And since I was going slow, I decided to shot this hay storage. There are cow pastures on either side of the road, and that’s the leftover hay from the winter, and that should tell you how mild things were.

A version of that photo will probably wind up as one of the banners on the blog eventually.

Yesterday, I did a little recovery ride, designed to not tax myself too much. And my legs felt great on the out part of my out-and-back route. On the and-back portion I realized, Oh, there was a barely perceptible, but nonetheless helpful tailwind working in my fair a moment ago. That, of course, meant I had an insurmountable headwind on the way back in.

Anyway, today, I’m taking off, and I’ll get back to it tomorrow. In the meantime, since we’re here, let’s check on the month’s progress. May was a light month, in terms of mileage, but it’s still a productive (for me) year so far.

The green line is a projection, where I’d be if I rode an average of 10 miles per day. The ride line is where I was this time last year. The blue line charts my 2024 progress. So it’s been a productive, so far, and should be another record-breaking year.

No one is happier than my spreadsheets.

Yes, I have multiple pages of cycling spreadsheets. Never start doing this. Down this path lies madness, and mystery, and sometimes satisfaction, but usually a squinty-eyed, “How are these the data points I’m fixated on?” sort of feeling of “Huh?”

Our next door neighbor is a 1-year-old. And his parents, of course. But mostly the kid. His parents put a swing out under a tree, it is one of those four rope numbers, and it leads down to a plastic swing that looks like the manufacturer just messed up on the high seat molds and decided they could make something work out of it anyway. The boy is starting to come around to the idea of the swing, a little bit. It takes time, but it is a good swing and his parents are determined and, eventually, this will be a wonderful experience and future swings under that tree will be in the blur of memories he carries forward his whole life.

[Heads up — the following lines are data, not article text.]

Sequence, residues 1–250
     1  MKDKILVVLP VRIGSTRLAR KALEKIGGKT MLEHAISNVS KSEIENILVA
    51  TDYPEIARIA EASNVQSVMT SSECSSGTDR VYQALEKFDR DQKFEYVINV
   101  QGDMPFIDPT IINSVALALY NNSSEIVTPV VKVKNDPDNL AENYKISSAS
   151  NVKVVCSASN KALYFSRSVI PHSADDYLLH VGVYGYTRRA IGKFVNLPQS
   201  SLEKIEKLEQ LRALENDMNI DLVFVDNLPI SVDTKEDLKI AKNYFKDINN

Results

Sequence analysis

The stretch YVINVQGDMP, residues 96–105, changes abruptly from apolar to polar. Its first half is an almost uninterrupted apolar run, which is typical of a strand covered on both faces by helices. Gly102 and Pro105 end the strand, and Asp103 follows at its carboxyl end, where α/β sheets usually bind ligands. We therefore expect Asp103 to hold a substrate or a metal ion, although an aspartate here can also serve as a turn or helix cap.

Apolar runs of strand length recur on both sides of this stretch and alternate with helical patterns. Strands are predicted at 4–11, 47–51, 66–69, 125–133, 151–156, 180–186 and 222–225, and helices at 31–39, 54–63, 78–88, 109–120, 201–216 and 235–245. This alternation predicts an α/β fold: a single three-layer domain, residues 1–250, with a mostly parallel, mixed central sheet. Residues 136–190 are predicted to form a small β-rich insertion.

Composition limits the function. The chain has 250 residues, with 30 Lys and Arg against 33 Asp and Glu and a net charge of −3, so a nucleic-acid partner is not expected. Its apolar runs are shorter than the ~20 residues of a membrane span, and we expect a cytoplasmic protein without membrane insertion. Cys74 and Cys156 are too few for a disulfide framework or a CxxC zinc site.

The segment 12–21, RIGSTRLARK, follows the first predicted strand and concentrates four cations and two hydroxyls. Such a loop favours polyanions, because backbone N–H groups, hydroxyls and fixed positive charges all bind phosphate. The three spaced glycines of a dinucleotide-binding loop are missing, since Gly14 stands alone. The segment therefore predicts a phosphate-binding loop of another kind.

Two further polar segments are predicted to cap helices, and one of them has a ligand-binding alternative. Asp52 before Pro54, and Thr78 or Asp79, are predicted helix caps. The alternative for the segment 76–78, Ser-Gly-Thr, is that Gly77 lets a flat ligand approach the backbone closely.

It’s an amazing tree. Huge, wide crown. Thick lush grass underneath. There’s going to be so much fun and imagination that comes to life as he continues to grow.

And he doesn’t even know yet that helicopters live in it.

Things continue to look beautiful in our backyard beds.

No jets or choppers are emerging from our greenery, though.

We are going to have some grapes again this year, though. If we can keep the pests away. (We’ll fail at that miserably.)

But it is fun to try!

I had a student ask me in the spring if I was excited that Jon Stewart was returning to The Daily Show. I’d mentioned some research we did on the program way, way back when and soon after that announcement came down and he remembered that. And afterward he asked me once or twice what I thought about the new episode.

Since it was a new media class, it seemed viable, even if these students have never even seen the product, let alone the Jon Stewart version. Somewhere along the way there was a good injection point and I said, what people forget is that, at its core, this show is a satirical critique of the media, rather than a commentary on society as a whole. And as I watched tonight’s episode I thought, This is the episode that proves my point.

His guest was Ken Buck, most recently the resigning Congressman from Colorado. And he … was not ready for this.

At the end of the interview, my lovely bride said, “He’s not happy right now, is he?” The question allowed me to return to my central thesis about the show. No, he’s not. He was expecting still another softball interview, but the difference is that Stewart came prepared, and was ready with real-time rejoinders, and names and facts. He doesn’t let things slide, which is what political operators are fundamentally trained for now.

Yes, Stewart has a staff. Yes they do four half-hour shows a week, and yes, he is only, himself, doing the one show a week and, sadly, for this limited run, but what he brings to this highly specific interview is different than every other interview you’ll see on TV, which is largely about cheaply, effectively (with conflict, if possible) filling time and getting to the next commercial break. There’s no substance in that formula. No opportunity for push back, even if you were so inclined. And many aren’t inclined. That’s one of the big problems of contemporary media, an issue Stewart has been pointing out for decades now, and perhaps never more clearly than in the A-block of this episode.

Buck wasn’t always pleased with how that went, even though it wasn’t, at all, adversarial. It could have been even less to his liking. Watch the interview, you see that Stewart bailed him out, or let a moment pass, three or four times. (Frustratingly, Stewart let one go that I wish he’d stuck with.)

It was a brilliant piece of television.